Leon R. Kass, M.D., is the Addie Clark Harding Professor Emeritus in the Committee on Social Thought and in the College at the University of Chicago and the Madden-Jewett Chair at the American Enterprise Institute. He was the chairman of the President’s Council on Bioethics from 2001 to 2005. He has been engaged for more than forty years with ethical and philosophical issues raised by biomedical advances and, more recently, with broader moral and cultural issues.

A More Natural Science

Born and raised in Chicago, Kass received his undergraduate and medical degrees at the University of Chicago and then pursued a Ph.D. in biochemistry at Harvard. His education and early professional life suggested a promising career in biomedical science, and offered few hints of the direction his thought and work would take.

But it was in confronting the human significance of biology and medicine that his priorities and interests started gradually to shift. His professional turn to the humanities began, as he recounted it, in a concern about the yawning gap “between all activities of life as lived and those activities as understood scientifically.” The reductionism of modern science, while surely productive in its own terms, seemed to him to close off some crucial paths to understanding human life in its fullness. The phenomena of life as they present themselves offer crucial insights into the nature of living things, and a natural science that ignores them is therefore grossly incomplete. As such a science grows more and more capable, moreover, it risks putting ever greater power into the hands of a populace ever more confused about its better and worse uses—a judgment, after all, that demands a sense of man’s nature and his proper purposes. Thus, he concluded, “a richer understanding and deeper appreciation of our humanity [was] necessary for facing the challenges confronting us in a biotechnological age.”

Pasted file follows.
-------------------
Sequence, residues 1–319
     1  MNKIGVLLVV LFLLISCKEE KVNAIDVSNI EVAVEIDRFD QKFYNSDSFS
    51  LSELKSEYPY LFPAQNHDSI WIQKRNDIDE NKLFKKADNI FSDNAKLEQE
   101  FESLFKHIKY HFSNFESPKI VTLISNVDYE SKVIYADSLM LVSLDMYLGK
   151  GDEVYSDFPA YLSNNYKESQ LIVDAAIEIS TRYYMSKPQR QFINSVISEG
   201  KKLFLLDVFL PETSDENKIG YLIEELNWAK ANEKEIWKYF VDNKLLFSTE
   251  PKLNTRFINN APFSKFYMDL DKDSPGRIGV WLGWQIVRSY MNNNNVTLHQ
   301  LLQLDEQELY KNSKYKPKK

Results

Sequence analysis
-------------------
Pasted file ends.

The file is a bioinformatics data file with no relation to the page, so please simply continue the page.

The desire to help society face those challenges led Kass into the burgeoning field of bioethics, in which he soon became a prominent and important figure. But his work in bioethics—both in the early stages of his career and in his later prominent public role leading the President’s Council on Bioethics—was always directed not to articulating cold and barren rules for action but to recovering a deep appreciation of the character and dignity of the human person. Such an appreciation, he argued, was necessary not only for limiting science, but for fully developing it.

Kass’s first book, a collection of essays called Toward a More Natural Science, sought to show how a science that took greater account of the phenomena of life could lead to a deeper understanding of the natural world, and especially of the human animal. “At the center of any philosophical anthropology will be an account of the human difference, of what is peculiarly human about human nature and the human animal,” he argued. Without such an account—without knowing what kind of beings we are—we can have little hope of understanding how we ought to live.

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Nature and Culture

Throughout the essays gathered in Toward a More Natural Science, however, Kass seemed clearly aware that recovering the kind of anthropology he was after would require more than reminding science of the price it had paid for its reductionism. A more natural science almost certainly cannot be recovered directly, and the fuller picture of man and his nature must be looked for simultaneously in other ways.

In his ambitious sequel, The Hungry Soul: Eating and the Perfecting of Our Nature, Kass sought to reinforce the effort by resort to our cultural practices and traditions, some of which, he argued, show clear evidence of having been custom-designed for precisely the kind of human being modern science now denies we are. The wisdom latent in our longstanding conventions is wisdom about human nature, and its teaching therefore is a more natural science.